What you could do next: Work out what you’re investing for and how far away that goal is. Check the risk in your portfolio matches your current risk tolerance, but also work out what you want your ideal portfolio split to be, between assets and countries, and see how close you are to it.

Is the underperformance justified?

If your investments have underperformed, do you understand why? This is particularly important when investing via funds. Every fund manager will go through periods of underperformance, but is it because their sector or investment style is out of favour, or something more specific to the manager? When you buy a fund you may want to understand which market conditions they will likely outperform, and when they will lag the market. On the flip side, knowing this helps you to weed out when a manager has made a series of bad calls and may have lost their edge.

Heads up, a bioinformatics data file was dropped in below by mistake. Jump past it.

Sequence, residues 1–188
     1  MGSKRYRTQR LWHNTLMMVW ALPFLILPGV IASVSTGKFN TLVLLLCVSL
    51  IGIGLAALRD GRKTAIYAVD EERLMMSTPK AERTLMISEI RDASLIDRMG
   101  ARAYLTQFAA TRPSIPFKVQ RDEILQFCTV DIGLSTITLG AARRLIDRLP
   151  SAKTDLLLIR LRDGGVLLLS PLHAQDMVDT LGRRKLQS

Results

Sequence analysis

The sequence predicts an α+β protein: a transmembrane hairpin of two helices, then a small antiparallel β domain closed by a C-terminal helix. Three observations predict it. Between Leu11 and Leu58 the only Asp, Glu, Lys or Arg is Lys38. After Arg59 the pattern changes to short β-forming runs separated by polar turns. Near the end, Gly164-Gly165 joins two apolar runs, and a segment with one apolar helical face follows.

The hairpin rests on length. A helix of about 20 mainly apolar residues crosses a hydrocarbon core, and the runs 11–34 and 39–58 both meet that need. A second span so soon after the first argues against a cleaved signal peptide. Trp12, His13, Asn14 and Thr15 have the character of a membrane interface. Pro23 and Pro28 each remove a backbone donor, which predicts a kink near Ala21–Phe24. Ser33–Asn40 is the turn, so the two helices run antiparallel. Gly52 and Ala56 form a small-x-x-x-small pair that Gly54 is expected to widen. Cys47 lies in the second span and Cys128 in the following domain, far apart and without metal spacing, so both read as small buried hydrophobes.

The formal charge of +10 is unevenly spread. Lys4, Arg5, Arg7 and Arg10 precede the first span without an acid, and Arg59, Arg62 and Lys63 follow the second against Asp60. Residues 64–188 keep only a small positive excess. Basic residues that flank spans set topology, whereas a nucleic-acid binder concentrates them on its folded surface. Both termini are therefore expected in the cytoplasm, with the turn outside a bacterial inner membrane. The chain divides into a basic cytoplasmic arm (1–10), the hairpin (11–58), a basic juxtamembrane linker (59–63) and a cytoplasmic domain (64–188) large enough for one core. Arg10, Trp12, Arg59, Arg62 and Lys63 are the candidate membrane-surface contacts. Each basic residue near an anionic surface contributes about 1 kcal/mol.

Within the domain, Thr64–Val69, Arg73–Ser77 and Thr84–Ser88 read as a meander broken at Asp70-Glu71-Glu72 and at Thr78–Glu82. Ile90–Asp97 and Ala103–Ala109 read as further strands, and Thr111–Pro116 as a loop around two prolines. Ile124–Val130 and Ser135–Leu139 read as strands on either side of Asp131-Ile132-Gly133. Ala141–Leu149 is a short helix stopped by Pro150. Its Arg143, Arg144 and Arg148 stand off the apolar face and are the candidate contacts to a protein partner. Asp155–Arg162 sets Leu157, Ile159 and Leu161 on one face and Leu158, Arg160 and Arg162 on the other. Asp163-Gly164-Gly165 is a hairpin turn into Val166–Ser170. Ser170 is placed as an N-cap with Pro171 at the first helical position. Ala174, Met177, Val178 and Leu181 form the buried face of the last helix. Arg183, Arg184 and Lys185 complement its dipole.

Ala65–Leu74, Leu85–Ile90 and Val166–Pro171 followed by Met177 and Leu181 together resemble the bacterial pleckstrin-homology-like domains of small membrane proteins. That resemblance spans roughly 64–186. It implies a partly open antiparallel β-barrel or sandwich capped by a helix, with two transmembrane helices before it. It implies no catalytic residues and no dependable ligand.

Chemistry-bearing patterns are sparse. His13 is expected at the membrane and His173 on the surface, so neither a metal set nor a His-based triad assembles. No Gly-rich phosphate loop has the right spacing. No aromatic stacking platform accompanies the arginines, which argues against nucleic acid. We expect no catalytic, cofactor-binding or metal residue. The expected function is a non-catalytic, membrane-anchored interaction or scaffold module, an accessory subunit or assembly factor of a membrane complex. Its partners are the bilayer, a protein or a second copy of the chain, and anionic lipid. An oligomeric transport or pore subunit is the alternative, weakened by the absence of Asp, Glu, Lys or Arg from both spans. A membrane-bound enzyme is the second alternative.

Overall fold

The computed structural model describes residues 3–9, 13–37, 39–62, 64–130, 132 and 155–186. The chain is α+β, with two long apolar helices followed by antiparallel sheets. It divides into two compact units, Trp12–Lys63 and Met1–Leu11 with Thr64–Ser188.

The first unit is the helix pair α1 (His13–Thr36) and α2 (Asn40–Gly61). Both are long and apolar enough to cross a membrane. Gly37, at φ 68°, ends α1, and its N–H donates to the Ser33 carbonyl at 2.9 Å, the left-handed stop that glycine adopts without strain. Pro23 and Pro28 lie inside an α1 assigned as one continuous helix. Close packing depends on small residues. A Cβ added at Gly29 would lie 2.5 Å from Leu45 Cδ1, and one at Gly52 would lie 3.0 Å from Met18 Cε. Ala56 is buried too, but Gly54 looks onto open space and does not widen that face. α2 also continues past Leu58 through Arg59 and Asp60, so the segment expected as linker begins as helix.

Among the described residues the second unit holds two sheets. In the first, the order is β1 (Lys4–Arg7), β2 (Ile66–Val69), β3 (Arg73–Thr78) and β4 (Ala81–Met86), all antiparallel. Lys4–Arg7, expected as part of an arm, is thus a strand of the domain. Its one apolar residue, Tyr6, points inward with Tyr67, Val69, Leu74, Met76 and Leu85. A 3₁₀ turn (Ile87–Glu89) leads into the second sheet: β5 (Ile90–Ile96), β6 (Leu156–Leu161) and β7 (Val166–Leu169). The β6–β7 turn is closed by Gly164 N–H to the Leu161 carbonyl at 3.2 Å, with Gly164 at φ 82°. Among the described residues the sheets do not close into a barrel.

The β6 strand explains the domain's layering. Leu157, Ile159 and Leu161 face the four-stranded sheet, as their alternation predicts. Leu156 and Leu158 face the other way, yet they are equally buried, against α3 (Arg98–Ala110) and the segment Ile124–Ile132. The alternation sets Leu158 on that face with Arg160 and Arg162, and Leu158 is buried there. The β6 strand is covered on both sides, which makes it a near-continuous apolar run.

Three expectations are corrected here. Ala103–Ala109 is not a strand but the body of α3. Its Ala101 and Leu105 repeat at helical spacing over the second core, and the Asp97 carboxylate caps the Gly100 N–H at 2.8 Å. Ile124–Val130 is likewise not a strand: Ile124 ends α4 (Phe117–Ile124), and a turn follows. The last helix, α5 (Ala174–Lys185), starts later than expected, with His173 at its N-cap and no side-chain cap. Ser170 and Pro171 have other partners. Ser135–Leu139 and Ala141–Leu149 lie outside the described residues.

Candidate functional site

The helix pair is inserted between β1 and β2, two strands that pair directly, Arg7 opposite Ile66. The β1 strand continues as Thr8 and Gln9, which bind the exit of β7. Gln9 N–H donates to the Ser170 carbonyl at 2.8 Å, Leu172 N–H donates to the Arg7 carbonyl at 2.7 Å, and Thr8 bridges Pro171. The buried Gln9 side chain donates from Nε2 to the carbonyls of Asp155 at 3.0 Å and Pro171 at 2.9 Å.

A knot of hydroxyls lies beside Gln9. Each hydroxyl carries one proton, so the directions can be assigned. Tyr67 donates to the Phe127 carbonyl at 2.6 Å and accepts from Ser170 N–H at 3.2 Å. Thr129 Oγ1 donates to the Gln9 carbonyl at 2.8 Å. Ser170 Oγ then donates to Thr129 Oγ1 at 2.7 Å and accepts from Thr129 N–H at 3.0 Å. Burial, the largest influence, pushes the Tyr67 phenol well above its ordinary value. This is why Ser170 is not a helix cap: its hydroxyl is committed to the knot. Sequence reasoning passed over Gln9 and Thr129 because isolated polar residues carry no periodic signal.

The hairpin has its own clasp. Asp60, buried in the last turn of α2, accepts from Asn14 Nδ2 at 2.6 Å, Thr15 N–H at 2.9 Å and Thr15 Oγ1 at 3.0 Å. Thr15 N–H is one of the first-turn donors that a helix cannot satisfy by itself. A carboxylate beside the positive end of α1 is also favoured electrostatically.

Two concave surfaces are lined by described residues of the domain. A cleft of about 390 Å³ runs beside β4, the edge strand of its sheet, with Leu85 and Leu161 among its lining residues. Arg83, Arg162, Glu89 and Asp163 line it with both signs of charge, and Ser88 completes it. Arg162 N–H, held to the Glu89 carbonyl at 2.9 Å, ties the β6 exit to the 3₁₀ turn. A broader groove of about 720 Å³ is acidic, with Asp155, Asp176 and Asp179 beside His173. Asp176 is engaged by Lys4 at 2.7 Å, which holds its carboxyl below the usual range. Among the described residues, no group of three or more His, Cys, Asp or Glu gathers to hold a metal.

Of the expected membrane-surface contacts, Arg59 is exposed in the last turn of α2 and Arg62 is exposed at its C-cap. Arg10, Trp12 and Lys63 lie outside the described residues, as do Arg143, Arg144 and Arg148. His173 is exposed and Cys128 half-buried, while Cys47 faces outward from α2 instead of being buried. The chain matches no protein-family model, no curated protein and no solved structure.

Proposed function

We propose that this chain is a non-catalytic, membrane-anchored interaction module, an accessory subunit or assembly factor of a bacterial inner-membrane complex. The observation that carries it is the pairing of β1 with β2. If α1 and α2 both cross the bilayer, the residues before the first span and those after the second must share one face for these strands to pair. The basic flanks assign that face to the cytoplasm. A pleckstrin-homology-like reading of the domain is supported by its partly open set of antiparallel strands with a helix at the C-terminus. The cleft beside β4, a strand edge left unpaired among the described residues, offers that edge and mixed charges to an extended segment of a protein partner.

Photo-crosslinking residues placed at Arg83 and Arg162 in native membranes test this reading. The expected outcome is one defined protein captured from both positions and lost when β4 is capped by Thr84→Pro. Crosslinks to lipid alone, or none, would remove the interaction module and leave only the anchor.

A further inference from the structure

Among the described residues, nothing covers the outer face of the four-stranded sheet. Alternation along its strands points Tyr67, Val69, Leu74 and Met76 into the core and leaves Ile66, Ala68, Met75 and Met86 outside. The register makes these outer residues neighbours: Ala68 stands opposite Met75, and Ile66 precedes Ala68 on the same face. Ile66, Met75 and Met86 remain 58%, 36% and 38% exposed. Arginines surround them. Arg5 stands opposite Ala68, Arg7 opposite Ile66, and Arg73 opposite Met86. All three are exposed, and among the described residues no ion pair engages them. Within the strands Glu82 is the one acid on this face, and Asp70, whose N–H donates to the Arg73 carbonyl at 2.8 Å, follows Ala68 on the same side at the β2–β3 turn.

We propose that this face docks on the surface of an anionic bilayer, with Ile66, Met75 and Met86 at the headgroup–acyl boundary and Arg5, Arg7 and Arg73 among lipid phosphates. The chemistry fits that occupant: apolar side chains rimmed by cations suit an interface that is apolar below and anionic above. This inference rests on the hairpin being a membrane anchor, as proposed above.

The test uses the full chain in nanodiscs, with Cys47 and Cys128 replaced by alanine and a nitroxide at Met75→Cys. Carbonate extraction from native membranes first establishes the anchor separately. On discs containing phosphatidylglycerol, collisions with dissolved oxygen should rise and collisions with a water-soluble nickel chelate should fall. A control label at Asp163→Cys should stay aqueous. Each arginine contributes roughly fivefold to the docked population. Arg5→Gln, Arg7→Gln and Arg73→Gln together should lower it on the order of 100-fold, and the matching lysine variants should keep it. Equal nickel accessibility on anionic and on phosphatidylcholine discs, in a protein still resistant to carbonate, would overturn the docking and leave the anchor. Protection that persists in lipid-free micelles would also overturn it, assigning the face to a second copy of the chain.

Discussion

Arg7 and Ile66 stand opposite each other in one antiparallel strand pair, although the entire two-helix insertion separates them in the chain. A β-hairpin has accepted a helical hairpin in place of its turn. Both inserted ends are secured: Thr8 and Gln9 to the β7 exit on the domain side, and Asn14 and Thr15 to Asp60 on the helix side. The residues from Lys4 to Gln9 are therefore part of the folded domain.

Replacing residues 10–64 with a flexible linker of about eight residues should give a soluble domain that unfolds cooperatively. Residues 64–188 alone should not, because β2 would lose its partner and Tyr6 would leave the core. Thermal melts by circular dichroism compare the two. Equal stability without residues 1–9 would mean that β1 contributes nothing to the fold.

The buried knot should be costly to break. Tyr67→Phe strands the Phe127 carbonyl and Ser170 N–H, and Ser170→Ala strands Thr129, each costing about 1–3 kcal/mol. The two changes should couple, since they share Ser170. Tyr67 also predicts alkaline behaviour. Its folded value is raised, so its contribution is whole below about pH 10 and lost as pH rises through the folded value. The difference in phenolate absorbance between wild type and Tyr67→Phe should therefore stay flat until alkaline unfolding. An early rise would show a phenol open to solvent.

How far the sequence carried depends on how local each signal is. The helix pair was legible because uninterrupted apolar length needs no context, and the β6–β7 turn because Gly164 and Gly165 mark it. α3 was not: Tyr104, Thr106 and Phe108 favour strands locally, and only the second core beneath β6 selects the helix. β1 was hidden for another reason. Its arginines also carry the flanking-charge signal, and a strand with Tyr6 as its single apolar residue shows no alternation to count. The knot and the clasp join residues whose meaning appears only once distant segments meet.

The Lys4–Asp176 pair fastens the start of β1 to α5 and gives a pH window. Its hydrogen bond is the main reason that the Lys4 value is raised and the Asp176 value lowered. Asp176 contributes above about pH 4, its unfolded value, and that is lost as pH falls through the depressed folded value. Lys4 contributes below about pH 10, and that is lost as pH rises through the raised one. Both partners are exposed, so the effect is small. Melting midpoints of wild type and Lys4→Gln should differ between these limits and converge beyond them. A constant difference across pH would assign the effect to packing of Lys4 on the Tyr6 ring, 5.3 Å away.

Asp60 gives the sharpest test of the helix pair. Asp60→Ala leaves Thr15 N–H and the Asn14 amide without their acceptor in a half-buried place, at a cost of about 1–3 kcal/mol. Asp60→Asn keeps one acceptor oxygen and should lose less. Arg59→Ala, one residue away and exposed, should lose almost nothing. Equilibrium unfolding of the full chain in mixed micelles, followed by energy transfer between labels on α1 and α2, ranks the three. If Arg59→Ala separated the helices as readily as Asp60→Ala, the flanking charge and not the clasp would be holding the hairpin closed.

What you could do next: Look at the funds that have underperformed and work out whether it’s down to markets or the manager.

Has an investment become too big?

You might have bought a fund when it was small, but through good performance and other investors adding their money it could have ballooned into a giant fund. That’s fine in theory, but every fund has a limit, and beyond that it becomes harder for them to stick to their investment style and keep finding good investments. There is no golden rule on how big is too big, as it depends where the fund is invested. A global equity fund, for example, will have a larger limit than something investing in UK start-ups or a specific area, such as healthcare.

What you could do next: Check if any funds you own have grown in size dramatically in the past couple of years, and see if any that have ballooned in size have started investing outside their comfort zone (see the fund manager creep below).

Is your fund manager creeping?